However, when I see a picture of a young boy kneeling at the Tomb of the Unknown Soldier in Arlington during the playing of taps, it enrages and saddens me to my core. You see I don’t blame this young man for his uneducated act, I blame pop-culture and the Left and Right for politicizing veterans and military service members. We as a society have allowed basic common decency and respect to willingly disappear from the very fabric of one another’s humanity.
Arlington National Cemetery, where I have friends buried, isn’t the proper venue for this type of subversive, political act. This is the final resting place for the men and women who fought and died for this country and with their caskets draped in the American flag are ensconced to be honored by our Nation for their ultimate sacrifice.
These types of political acts being perpetrated within the hallowed grounds of Arlington will enrage all veterans from all the wars Americans have fought for. I, along with most all current veterans have lost friends in the service of this country. We have loaded our brothers and sisters American flag-draped caskets onto C-17 troop transport aircraft for their final trip home. It weighs heavy on all of us, that loss.
Myself and my Green Beret brothers lined the tarmac of Baghdad International Airport to salute 4 caskets of American soldiers as they were carried by their brothers in arms, with tears streaming down their faces unabated. I have lost very good friends myself, soldiers like Jason Pringle who was my senior medic and best friend when we were paratroopers in the 173rd Airborne Brigade Southern European Task Force (SETAF) together. Pringle was killed after his parachute failed to open during a real combat parachute assault into Vitnia, Kosovo to help stop that bloody civil war and end the ethnic cleansing of Muslims. Or Green Beret, Wyatt Goldsmith who was killed by an RPG round impacting next to his face in Afghanistan while he was providing medical treatment to a wounded Afghani solider.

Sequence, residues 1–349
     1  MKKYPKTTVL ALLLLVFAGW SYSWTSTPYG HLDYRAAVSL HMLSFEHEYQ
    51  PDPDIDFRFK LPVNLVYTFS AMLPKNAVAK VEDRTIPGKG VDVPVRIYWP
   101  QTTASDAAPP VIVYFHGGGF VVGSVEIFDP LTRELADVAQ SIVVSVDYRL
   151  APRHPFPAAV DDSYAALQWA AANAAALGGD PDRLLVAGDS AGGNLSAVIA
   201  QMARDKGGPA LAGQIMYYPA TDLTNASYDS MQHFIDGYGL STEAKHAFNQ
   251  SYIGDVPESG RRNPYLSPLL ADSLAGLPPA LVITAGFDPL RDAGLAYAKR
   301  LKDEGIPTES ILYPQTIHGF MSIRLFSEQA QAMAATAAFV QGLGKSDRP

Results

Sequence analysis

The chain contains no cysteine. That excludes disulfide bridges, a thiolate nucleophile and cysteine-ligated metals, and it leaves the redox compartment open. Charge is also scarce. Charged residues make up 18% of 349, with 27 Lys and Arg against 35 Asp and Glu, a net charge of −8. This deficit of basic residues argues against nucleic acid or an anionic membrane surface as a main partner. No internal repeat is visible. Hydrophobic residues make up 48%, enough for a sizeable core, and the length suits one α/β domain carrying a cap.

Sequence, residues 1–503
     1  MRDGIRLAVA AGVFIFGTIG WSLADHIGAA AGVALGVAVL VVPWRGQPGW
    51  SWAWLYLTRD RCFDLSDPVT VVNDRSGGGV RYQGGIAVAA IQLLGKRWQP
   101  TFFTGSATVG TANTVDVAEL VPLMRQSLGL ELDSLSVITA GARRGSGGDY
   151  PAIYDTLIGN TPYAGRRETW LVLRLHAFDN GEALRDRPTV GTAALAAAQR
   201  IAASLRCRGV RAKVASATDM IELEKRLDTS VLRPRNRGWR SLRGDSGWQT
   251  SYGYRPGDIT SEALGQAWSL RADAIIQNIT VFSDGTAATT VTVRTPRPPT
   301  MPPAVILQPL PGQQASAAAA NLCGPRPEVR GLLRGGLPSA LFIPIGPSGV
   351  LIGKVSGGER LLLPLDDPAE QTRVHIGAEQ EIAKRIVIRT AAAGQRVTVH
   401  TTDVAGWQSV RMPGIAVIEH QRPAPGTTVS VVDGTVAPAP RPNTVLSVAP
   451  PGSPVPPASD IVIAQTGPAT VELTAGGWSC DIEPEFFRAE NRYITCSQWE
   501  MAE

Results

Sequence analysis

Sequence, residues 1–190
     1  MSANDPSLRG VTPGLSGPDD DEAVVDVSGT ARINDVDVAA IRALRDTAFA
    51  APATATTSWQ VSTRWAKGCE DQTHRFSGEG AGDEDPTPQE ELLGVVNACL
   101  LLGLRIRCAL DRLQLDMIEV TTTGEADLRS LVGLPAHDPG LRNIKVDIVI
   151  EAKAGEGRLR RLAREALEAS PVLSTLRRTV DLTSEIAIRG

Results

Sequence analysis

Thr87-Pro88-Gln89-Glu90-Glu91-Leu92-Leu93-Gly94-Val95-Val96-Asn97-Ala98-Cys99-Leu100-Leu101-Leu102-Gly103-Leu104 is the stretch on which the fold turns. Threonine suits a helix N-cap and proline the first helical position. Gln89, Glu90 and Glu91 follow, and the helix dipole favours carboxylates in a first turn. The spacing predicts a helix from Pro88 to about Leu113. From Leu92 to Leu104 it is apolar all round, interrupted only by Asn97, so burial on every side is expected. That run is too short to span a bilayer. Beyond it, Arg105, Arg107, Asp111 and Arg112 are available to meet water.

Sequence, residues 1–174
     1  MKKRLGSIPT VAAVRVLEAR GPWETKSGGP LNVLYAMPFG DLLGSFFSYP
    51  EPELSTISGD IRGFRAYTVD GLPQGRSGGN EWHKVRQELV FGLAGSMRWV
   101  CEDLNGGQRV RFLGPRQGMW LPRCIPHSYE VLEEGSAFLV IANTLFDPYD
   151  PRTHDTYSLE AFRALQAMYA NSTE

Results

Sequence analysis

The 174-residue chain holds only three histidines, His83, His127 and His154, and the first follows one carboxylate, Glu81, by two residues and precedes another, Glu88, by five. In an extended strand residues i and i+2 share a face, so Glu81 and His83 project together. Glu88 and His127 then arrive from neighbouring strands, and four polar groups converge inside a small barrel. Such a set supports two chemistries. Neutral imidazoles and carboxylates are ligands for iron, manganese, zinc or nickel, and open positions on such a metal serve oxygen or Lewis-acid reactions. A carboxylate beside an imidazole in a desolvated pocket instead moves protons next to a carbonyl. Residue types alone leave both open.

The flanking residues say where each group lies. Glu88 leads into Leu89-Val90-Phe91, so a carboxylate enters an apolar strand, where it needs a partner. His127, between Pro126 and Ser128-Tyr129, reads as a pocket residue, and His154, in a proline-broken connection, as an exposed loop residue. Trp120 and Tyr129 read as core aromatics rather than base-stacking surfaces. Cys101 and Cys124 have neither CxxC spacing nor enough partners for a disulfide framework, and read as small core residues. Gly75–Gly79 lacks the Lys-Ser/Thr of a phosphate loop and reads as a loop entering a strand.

All these soldiers, friends came home draped in the American flag. And these are but a few of my friends that I have lost. When I was in Mosul apart of a Special Forces task force there, I along with my team accepted the hazards of our chosen profession. And I, along with some of my teammates carried an American flag with us that on the real chance that we were to be killed, it was to be used to cover our body with for the ride home.
The Right and the Left have decided to politicize veterans and service members and wrap them up into these current NFL micro-agression. To which I ask you all to stop, because right now we as a sub-group of Americans are split 50/50 on this the issue of taking a knee. Yet, I will tell you this, if these displays of disrespect at Arlington or any other military memorial site become a major movement and increase in frequency. You will lose 100% of the veteran vote and their patience and I truly feel that America will not like the result.
Feature image courtesy of: Twitter.